(c) Calvert Cliffs 2 was shut down in 1989 and 1990 for replacement of pressurizer heater sleeves but is counted as operable during those years.

Exceptions to the definition are Shoreham and Three Mile Island 2. Shoreham was granted a full-power license in April 1989, but was shut down two months later and never restarted. In 1991, the license was changed to Possession Only. Although not operable at the end of the year, Shoreham is counted as operable during 1989. A major accident closed Three Mile Island 2 in 1979, and although the unit retained its full-power license for several years, it is considered permanently shut down since that year.

Note 2. Capacity: Nuclear generating units may have more than one type of net capacity rating, including the following:

(a) Net Summer Capacity–The steady hourly output that generating equipment is expected to supply to system load, exclusive of auxiliary power, as demonstrated by test at the time of summer peak demand. Auxiliary power of a typical nuclear power plant is about 5 percent of gross generation.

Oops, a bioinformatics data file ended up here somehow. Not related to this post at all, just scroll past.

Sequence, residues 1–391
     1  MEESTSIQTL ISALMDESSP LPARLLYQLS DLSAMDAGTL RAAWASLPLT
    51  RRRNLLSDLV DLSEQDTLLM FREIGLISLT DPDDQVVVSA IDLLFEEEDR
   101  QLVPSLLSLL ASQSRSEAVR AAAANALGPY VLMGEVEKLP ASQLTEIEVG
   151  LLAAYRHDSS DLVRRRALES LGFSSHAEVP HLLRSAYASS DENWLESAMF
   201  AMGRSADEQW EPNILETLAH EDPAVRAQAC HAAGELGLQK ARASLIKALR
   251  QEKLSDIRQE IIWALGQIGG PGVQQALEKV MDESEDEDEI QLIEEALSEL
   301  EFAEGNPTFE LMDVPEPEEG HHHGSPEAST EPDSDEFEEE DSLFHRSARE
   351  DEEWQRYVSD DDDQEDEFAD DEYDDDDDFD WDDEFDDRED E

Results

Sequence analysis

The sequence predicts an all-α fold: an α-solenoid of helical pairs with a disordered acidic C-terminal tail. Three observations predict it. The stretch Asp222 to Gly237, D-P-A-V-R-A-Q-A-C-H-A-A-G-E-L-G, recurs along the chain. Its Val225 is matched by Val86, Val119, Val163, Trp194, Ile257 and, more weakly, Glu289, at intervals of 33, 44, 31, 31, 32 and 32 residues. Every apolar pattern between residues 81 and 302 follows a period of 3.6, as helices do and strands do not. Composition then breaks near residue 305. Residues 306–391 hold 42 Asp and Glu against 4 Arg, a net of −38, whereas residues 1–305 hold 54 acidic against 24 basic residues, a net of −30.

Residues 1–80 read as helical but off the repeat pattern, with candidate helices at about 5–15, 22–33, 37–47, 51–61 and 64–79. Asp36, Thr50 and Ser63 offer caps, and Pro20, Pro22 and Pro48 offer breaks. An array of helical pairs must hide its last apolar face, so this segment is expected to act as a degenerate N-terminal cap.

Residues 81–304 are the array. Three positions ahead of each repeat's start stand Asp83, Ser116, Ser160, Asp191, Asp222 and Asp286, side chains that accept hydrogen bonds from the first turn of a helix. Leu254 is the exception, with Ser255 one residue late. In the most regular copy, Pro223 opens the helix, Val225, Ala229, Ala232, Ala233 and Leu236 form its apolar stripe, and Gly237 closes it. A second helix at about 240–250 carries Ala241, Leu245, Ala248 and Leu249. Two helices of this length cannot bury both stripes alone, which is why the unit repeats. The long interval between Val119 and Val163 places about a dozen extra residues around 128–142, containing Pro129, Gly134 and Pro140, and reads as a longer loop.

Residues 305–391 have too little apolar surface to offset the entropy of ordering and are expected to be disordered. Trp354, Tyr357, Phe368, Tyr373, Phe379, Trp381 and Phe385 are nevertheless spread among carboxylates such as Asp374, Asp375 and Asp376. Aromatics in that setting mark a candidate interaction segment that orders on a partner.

b) Net Design Capacity or Net Design Electrical Rating (DER)–The nominal net electrical output of a unit, specified by the utility and used for plant design.

The monthly capacity factors are computed as the actual monthly generation divided by the maximum possible generation for that month. The maximum possible generation is the number of hours in the month multiplied by the net summer capacity at the end of the month. That fraction is then multiplied by 100 to obtain a percentage. Annual capacity factors are averages of the monthly values for that year.

Table 8.1 Sources

Total Operable Units and Net Summer Capacity of Operable Units: 1973-1982: Compiled from various sources, primarily DOE, Office of Nuclear Reactor Programs, “U.S. Central Station Nuclear Electric Generating Units: Significant Milestones.” 1983 forward: Energy Information Administration (EIA), Form EIA-860, “Annual Electric Generator Report,” and monthly updates as appropriate. For a list of currently operable units, see: http://eia.doe.gov/cneaf/nuclear/page/nuc_reaetors/operational.html.

Nuclear Electricity Net Generation and Nuclear Share of Electricity Net Generation: See Table 7.2a for actual data.

Capacity Factor: EIA, Office of Coal, Nuclear, Electric and Alternate Fuels for actual data.